Aliens vs. Predator Multiplayer Hands-On

We finally got to play AVP's multiplayer mode, including all three factions and a number of match types.

Aliens vs. Predator (working title)

After lurking like a xenomorph in the shadows for a number of years, the Aliens vs. Predator franchise is coming back in grand style. Developed by British studio Rebellion, which was responsible for the classic 1999 instalment, AVP will be heading to the Xbox 360, PlayStation 3, and PC early next year, and we got a tasty treat when Sega finally let us get our hands on the game at a multiplayer event in London.

Deathmatch is claustrophobic, frantic, and a whole lot of fun.

True to its roots, AVP features separate single-player campaign modes for each of the three species: marines, aliens, and predators. Set 30 years after the events in the film Alien 3, the game is based on a jungle planet dubbed BG-386, which the marines have attempted to colonise. Things don't go according to plan, and we're told the marine's single-player campaign will have a survival horror flavour to it, with a reliance on raw firepower to survive the alien and predator onslaught. Unlike the other two species, marines can perform only basic melee attacks (in addition to a block move), but if they time it right, they can repel an enemy long enough to give you a second chance.

Predators have ranged weapons, melee weapons, and gadgets, including a shoulder-mounted plasma caster, mines, active camouflage, thermal vision, and wrist blades. While the aliens lack advanced weaponry, they're not short on speed and agility. They're able to attach to most surfaces, including walls and ceilings, and they constantly sprint, so you need to get up close to perform a kill. With the ability to slash, bite, and impale your victim with your tail for a stealth kill, playing as an alien feels grisly and immensely satisfying. Things can get a bit disorienting if you're on a ceiling, but you can reorientate your view to the current surface with a button press.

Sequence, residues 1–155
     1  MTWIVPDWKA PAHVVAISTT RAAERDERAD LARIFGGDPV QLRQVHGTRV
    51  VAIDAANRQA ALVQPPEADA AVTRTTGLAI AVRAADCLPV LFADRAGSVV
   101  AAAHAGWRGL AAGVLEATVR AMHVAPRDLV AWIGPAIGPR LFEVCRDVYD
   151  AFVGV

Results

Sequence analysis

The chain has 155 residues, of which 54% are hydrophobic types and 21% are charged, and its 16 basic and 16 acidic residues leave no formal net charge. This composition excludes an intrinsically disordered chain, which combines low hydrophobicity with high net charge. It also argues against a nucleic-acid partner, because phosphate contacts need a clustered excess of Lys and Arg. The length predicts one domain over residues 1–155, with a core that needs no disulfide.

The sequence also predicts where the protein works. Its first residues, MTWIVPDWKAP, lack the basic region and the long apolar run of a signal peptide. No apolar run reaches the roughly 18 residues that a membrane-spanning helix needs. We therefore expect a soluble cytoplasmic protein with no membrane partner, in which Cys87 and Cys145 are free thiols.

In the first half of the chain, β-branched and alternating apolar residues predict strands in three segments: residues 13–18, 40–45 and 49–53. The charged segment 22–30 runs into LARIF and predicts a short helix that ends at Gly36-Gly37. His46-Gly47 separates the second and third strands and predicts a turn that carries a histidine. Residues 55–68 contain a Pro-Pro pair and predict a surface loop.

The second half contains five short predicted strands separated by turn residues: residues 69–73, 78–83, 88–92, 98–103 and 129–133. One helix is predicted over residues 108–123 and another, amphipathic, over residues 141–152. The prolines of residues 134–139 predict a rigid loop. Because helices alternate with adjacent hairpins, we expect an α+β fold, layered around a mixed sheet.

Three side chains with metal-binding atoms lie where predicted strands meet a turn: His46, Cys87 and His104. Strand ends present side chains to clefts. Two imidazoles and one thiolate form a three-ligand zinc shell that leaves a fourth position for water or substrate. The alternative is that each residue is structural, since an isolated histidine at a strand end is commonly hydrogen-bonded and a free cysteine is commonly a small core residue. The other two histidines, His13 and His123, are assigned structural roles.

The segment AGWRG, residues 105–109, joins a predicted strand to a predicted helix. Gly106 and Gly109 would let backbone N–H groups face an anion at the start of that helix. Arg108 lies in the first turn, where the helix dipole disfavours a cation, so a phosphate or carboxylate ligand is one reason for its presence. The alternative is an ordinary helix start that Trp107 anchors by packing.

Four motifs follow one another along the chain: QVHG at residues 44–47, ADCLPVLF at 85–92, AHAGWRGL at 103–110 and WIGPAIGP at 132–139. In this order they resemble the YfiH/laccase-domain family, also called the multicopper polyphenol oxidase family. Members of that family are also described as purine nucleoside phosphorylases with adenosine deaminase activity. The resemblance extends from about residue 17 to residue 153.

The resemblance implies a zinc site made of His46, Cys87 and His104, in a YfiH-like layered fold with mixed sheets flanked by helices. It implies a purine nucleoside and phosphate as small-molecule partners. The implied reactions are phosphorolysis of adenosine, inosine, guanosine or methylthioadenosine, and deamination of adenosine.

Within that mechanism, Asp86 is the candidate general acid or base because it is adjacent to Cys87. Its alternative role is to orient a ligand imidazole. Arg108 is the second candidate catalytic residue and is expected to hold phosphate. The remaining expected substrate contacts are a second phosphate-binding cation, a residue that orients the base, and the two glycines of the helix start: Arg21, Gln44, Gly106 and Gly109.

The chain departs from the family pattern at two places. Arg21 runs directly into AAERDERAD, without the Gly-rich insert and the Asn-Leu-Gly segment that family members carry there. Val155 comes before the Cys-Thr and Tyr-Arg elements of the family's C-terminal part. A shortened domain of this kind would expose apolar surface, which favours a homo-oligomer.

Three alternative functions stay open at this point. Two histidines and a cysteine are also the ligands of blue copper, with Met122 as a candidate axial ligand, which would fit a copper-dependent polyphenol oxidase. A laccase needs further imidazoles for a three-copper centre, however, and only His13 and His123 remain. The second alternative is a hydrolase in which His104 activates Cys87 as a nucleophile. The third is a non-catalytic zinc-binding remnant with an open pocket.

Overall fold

We spent most of our time playing Deathmatch mode, and as fans of the original game, we think it nails the sense of dread and panic with aplomb. Deathmatch supports up to 18 players, with the goal being to rack up the most kills. Playing as the marine, we had access to a powerful assault rifle, which was more than capable of taking down an alien or predator, as long as you can keep them in your sights. You also have the marine's motion sensor on hand to detect approaching targets. Unlike the aliens, marines can sprint for only short distances, and you need to rely on raw firepower and your weapon-attached torch if you hope to survive.